Is secrecy the secret sauce of Games workshop’s decades long success? Take a look and see if you agree.
Since their foundation in 1975, Games Workshop has become the most widely recognized brand name for wargaming in the world. With the aide of their Forge World resin miniature kits and the hundreds of novels in print from Black Library Publishing, the worlds of Warhammer and Warhammer 40,000 have not only endured, but prospered for nearly 50 years. But how have they succeeded where other gaming firms have foundered? Is it their groundbreaking rules? Clever marketing in key demographics? Or could it be the quality of their miniatures? Even the care taken by their customer service team? While all of these prove to be the cornerstone of any successful retailer, I daresay that the mechanism that drives GW to endure and excel time and again, is their ability to generate loyal customers through their brand and leave them wanting more. Their secret to success, ladies and gentlemen, is literally secrecy.
The Power of Mystery
Listen: Since the early 1990’s when both Warhammer Fantasy and Warhammer 40k were in their prime ascendancy, GW has always made a point to keep things open ended, by leaving new avenues of adventure open to players, and allowing them to create their own scenarios, adventures, narratives, and armies within the constructs of these pre-fabricated settings. Their stories and miscellany would give hints to lost fleets, hidden treasures, long buried armies and forgotten warlords that seemingly vanish from the histories; leaving us to mere speculation as to their fate. Within the confines of the Old World of Warhammer, the ultimate origins and fate of Sigmar is left to the imagination. And the true devastation of the ruins of Mordheim is only known to those adventurers brave enough to entered its shattered ruins. What are the whereabouts of Teclis? And will Gotrek ever meet his ‘Final Doom’?
In regards to Warhammer 40k, as seen in the endless debate of many online bloggers, we are left with a thousand unanswered questions to the fate of the two missing primarchs. Within each volume of Black Library’s Horus Heresy Series, we are given a scant clue to their ultimate fate, driving the reader mad with curiosity. Despite the fact that the events of the Horus Heresy itself are well documented and known to many fans, the series continues to sell millions of copies, with many titles becoming New York Times bestsellers. Other questions arise throughout the universe: Is the Mechanicum of Mars using the Void Dragon of the Necrons to fuel their technology? Is Roboute Guilliman’s wound healing in stasis? Why does Abaddon insist on that two meter tall top-knot?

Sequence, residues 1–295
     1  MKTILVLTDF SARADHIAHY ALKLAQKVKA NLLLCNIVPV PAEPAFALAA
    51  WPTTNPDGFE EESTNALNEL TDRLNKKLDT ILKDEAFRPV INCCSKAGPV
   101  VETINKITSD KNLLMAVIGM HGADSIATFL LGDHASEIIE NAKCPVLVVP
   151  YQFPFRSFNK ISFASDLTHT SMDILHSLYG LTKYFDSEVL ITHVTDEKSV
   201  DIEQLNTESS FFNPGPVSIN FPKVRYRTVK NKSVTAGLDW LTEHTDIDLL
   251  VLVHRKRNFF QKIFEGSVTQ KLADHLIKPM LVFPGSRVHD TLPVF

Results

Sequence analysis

Such a Delicious Tease
As an aside to the narrative driving these gaming worlds, Games Workshop has done a brilliant job in keeping their upcoming releases and new rules addenda under wraps. Even with the modern technology available to the common consumer with the web, social media, and the innumerable sites and blogs dedicated to the hobby, much of the information regarding upcoming releases are reduced to rumor, idle speculation, or both. We are given grainy smartphone pics and rules from advanced copies in foreign language publications. (Who didn’t try to learn French to see how fantastic Skarbrand would be?) Even tried and true sources of information, and the top reports in our field are often left scratching their proverbial heads as leads they follow turn to dead ends. Timeline for release dates are vague at best until the last few weeks, pre-orders are issued and then delayed. Despite the obfuscation, we crave more.
Everyday the newsfeeds are being bombarded with news, fact checks and rumor control about a multitude of subjects. By keeping their information, not quite hidden, but definitely obscured, they have generated the one thing that any business needs to drive success. Brand curiosity and product demand. Keep your customer thinking about what you have to offer. You have created a product line, or at the very least a brand name that keeps their customers coming back for more. Even after decades of gameplay, with very little to improve upon their already insurmountable success, the question remains: Is Sigmar really one of the ‘Lost Primarchs’?
~ How much do you think thinly veiled secrecy is key to GW’s success?